And whereas, the General Assembly of Virginia, by an act passed on the twenty-first day of December, in the year one thousand eight hundred and sixty-three, did provide for the election, by the people, of delegates to meet'in general Convention to consider, discuss and adopt alterations and amendments to the existing Constitution of this Commonwealth, the delegates so assembled, did, therefore, having maturely considered the premises, adopt a revised and amended Constitution as the form of government of Virginia:

And whereas, the Congress of the United States did, by an act passed on the second day of March, in the year one thousand eight hundred and sixty-seven, and entitled, “ An act to provide for the more efficient government of the rebel States," and by acts supplementary thereto, passed on the twenty-third day of March, and the nineteenth day of July in the year one thousand eight hundred and sixty-seven, provide for the election, by the people of Virginia, qualified to vote under the provisions of said acts, of delegates to meet in Convention to frame a Constitution, or form of gov. ernment for Virginia, in conformity with said acts ; and by the same acts did further provide for the submitting of such Constitution to the qualified voters for ratification or rejection :


We, therefore, the delegates of the good people of Virginia, elected, and in Convention assembled, in pursuance of said acts, invoking the favor and guidance of Almighty God, do propose to the people the following Constitution and form of goverument for this Commonwealth :

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A DECLARATION OF Rights, made by the Representatives of the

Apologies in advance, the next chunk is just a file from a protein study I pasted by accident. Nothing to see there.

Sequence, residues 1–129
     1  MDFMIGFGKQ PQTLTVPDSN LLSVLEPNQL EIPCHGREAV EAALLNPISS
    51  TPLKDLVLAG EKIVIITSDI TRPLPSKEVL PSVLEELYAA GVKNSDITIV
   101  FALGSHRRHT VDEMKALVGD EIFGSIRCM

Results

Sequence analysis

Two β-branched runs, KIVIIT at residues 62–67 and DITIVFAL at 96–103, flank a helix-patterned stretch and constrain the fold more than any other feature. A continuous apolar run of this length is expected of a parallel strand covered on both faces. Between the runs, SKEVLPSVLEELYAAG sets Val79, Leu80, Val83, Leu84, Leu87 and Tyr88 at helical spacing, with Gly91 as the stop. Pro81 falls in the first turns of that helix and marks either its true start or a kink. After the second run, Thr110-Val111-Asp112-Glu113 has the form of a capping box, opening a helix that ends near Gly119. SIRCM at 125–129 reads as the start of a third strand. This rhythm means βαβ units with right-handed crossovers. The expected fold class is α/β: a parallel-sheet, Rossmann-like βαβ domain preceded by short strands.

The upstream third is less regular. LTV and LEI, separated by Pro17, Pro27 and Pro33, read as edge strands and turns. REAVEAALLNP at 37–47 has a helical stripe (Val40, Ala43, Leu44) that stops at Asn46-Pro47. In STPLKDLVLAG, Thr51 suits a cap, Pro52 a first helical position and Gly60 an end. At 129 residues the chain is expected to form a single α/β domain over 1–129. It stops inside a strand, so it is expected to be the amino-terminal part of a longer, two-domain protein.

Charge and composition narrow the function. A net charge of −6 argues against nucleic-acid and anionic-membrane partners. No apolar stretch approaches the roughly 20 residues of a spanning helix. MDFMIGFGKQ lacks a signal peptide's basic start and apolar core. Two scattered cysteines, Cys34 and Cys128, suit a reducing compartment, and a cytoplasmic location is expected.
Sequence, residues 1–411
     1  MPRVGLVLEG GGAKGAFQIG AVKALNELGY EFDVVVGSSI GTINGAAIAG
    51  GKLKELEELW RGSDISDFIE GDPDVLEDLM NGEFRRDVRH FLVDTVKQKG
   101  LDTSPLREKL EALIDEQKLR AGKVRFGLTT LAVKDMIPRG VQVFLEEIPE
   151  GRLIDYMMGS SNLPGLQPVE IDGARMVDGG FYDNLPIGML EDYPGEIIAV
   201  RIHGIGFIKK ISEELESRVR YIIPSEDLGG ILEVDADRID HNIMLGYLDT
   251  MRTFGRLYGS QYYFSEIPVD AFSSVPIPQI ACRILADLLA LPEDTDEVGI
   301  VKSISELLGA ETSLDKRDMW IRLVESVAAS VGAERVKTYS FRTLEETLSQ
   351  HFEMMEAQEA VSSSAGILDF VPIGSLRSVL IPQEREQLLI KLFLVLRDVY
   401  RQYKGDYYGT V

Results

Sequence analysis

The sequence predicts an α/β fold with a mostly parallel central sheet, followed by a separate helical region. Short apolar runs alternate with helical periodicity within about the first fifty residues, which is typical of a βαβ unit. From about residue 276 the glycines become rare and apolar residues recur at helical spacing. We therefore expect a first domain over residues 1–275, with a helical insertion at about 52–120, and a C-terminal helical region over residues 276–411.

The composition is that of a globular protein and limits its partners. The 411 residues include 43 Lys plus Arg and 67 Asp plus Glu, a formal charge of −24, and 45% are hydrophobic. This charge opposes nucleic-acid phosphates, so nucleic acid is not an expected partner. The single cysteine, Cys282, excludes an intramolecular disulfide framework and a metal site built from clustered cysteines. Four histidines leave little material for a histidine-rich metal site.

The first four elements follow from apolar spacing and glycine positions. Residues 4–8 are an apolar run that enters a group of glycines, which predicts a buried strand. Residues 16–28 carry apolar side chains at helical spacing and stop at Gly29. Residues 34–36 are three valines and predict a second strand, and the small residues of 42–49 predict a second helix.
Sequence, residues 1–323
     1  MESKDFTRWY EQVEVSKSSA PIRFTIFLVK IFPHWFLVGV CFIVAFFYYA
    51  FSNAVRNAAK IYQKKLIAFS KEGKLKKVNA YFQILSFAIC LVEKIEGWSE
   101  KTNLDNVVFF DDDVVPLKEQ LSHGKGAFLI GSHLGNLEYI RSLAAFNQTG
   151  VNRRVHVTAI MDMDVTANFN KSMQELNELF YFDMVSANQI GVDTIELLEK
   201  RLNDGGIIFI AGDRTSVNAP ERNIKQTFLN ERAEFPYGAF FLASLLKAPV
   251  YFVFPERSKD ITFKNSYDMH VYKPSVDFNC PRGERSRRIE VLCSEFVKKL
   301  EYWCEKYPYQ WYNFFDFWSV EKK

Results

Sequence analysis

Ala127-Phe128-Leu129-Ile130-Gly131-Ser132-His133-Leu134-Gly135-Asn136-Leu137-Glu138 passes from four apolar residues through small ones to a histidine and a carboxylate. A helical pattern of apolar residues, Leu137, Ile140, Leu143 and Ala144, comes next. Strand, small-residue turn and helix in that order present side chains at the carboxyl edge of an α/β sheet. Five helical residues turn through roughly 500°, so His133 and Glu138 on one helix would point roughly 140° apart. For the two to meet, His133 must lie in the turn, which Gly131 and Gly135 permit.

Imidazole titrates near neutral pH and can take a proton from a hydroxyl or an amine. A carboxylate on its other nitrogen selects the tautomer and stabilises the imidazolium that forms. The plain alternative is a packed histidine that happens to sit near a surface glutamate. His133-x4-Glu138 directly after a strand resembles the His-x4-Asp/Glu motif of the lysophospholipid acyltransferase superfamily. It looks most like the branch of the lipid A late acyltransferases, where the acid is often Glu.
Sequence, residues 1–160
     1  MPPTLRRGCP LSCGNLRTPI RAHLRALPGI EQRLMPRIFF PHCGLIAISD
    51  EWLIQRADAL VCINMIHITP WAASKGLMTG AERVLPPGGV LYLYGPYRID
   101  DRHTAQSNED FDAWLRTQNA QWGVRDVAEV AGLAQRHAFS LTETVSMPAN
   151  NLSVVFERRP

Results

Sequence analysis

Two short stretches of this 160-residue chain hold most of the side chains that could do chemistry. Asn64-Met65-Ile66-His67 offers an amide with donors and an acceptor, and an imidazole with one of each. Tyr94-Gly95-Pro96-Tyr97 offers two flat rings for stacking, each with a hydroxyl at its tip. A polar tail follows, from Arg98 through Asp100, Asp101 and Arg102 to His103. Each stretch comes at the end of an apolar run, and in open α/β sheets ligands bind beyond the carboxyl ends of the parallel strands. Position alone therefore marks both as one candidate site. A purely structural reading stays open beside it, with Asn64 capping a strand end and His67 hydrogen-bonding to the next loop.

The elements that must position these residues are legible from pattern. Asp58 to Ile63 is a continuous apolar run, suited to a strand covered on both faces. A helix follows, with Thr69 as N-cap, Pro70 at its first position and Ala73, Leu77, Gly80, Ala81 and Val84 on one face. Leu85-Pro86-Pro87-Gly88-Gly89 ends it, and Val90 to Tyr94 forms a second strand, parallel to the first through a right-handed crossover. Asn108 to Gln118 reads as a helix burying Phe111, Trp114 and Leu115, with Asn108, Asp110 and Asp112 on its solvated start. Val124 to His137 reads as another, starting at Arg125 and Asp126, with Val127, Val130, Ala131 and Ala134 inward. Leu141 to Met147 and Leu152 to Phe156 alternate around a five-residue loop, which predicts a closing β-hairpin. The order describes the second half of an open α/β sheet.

good people of Virginia, assembled in full and free Convention, which rights do pertain to them and their posterity, as the basis and foundation of Government.

1. That all men are by nature equally free and independent, and have certain inherent rights, of which, when they enter into a state of society, they cannot, by any compact, deprive or divest their posterity ; namely, the enjoyment of life and liberty, with the means of acquiring and possessing property, and pursuing and obtaining happiness and safety.

2. That this State shall ever remain a member of the United States of America, and that the people thereof are part of the American nation, and that all a:tempts, from whatever source or upon whatever pretext, to dissolve said Union or to sever said nation, are unauthorized, and ought to be resisted with the whole power of the State.

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3. That the Constitution of the United States, and the laws of Congress passed in pursuance thereof, constitute the supreme law of the land, to which paramount allegiance and obedience are due from every citizen, anything in the Constitution, ordinances or laws of any State to the contrary notwithstanding

4. That all power is vested in, and consequently derived from, the people ; that magistrates are their trustees and servants, and at all times amenable to them.